Quick action is extremely important when one sees or feels the symptoms of chest pain.
There's no need to be embarrassed if the pain is simply due to indigestion, notes Dr Zainualabedin Hamdulay, chief cardio-thoracic surgeon, Masina Hospital Heart Institute.
A 55-year-old man felt acute pain and discomfort in his chest.
He was taken to the hospital but was declared dead on arrival. Medical investigation further revealed that he had suffered a heart attack a week earlier.
The doctors then questioned his family members, and it was discovered that he had been self-medicating for heartburn (acidity) and gastric problems for nearly a week.
He diagnosed a heart attack as a gastric problem and popped pills, believing that they would relieve him.
He did so without any medical advice, and as a consequence, the medicine adversely affected his heart condition, and he lost his life.
Many people in India follow the pattern of self-medication for cold, fever, headaches, heartburn, and acidity.
People take medicines based on their understanding and also advise the same to others without knowing the proper cause of the illness. Some of these decisions land them in big trouble.
This attitude to self-medication is of grave danger, especially if, in the case of a heart attack, people assume and treat it like gas or acidity.
In the case of a heart attack, the right treatment at the right time is of utmost importance.
Identifying chest pain
A burning sensation in the chest area is a common sign or symptom of gastroesophageal reflux disease (GERD), often called a gastric problem or acidity in common parlance.
Here, acidic bubbles, which gather in the stomach, move up into the oesophagus (the tube which connects the stomach to the throat), causing a pain and burning sensation just behind the breastbone.
The same can be felt in the case of a heart attack. But it is not that easy to tell the difference.
Chest pain caused by insufficient blood flow to the heart (angina) or a heart attack is often described as a feeling of tightness, pressure, or burning sensation.
Many times, people misinterpret it as gastroesophageal reflux disease.
axInaccurate or half-knowledge from the Internet regarding the signs and symptoms of a heart attack or chest pain also contributes to this misinformation.
If you burp or pass the gas and the pain fades and finally goes away, it means you could just be experiencing stomach pain or heartburn.
If the pain persists and you have shortness of breath or nausea, it could be a heart-related issue.
Often, gastric problems, heartburn, chest pain due to indigestion, and heart attacks have common symptoms.
What to do in such a case?
Should you simply take an antacid, or call a doctor?
It is of great importance to know the difference between gastric pain and chest pain due to heart attack so you treat it immediately.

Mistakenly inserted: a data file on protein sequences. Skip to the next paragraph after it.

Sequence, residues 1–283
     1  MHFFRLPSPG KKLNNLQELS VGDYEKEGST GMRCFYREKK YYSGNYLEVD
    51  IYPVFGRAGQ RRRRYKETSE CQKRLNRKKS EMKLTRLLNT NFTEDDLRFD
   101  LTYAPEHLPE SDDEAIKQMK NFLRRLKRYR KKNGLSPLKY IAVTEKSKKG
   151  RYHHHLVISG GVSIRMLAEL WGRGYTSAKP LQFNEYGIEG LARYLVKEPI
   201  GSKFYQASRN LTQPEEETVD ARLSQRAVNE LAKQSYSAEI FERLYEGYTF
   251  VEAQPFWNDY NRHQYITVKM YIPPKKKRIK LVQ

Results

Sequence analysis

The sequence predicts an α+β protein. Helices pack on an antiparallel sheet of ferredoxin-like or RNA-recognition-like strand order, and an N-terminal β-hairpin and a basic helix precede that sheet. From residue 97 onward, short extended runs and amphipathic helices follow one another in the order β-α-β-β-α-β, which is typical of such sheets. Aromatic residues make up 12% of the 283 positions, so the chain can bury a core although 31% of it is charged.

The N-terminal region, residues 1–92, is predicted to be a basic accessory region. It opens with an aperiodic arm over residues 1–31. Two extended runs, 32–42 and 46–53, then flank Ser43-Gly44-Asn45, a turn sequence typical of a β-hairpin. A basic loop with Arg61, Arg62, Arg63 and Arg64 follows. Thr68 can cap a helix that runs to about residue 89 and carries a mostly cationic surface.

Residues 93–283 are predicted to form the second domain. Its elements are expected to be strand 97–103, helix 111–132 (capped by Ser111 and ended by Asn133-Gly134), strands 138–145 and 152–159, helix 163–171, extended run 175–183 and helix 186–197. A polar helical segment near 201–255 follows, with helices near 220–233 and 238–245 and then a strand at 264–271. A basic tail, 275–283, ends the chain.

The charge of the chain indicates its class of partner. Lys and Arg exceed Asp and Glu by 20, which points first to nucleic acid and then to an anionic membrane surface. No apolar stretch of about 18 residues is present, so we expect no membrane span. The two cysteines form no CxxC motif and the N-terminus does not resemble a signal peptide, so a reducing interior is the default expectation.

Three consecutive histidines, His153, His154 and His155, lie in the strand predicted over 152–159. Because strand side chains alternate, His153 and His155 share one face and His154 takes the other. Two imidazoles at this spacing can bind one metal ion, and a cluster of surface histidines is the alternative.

Heartburn symptoms due to gastroesophageal reflux disease
Heartburn is mild discomfort or pain caused by stomach acid moving up through the esophagus: It can happen soon after eating.
It may be caused due to a burning sensation, which moves up from the stomach into the chest.
It can happen if one bends over or is lying down. It may awaken a person from sleep.
A person may taste sourness in their mouth.
A person may experience the taste of something recently eaten in his mouth; this is not the same as vomiting or throwing up, but s/he may experience an acid taste in his mouth or some food.
Non-cardiac chest pain
Most non-cardiac chest pain is caused by an esophageal problem, also known as acid reflux, which accounts for 22 to 66 percent of all non-cardiac chest pain.
People with conditions such as this have a lot of pain even when there is a small pressure change in the oesophagus or even when a small amount of stomach acid bubbles up into the chest.
Muscle spasms in the oesophagus may also cause chest pain resembling a heart attack.
Symptoms of non-cardiac chest pain
The patient feels squeezing pain behind the breastbone.
Some people may also feel the pain in the neck, left arm, or back. The pain may last for a few minutes or for hours.
Signs of chest pain due to a heart attack
- Discomfort in the chest area along with a burning sensation, heaviness, aching, squeezing pain, or pressure.
- Discomfort or heavy pain in the left shoulder, neck, jaw, or throat, back, or stomach.
- Shortness of breath, which may be accompanied by or without chest discomfort.
- Sudden fatigue and tiredness, cold sweat or perspiration.
- Nausea or vomiting or light-headedness.
- Weakness or unexplained anxiety and heart palpitations.
- Increased heart rate.
What if a person can't differentiate between non cardiac and heart pain?
If one is not sure, seeking immediate medical help is desirable.
While in some cases, heart attacks are very quick and intense, many start slowly with mild pain or aches.
It's important that a person understands and listens to their body language.
Quick action is extremely important when one sees or feels the symptoms of chest pain. There's no need to be embarrassed if the pain is simply due to indigestion.
It's always better to get timely medical care than to wait until it's too late.
Non-cardiac chest pain can be a scary event as it may feel like a cardiac problem. It is usually treated successfully once the doctor identifies the cause of the pain.
With the right and timely treatment, the symptoms of gastric problems go away for most patients. But it's important to diagnose it earlier and treat accordingly.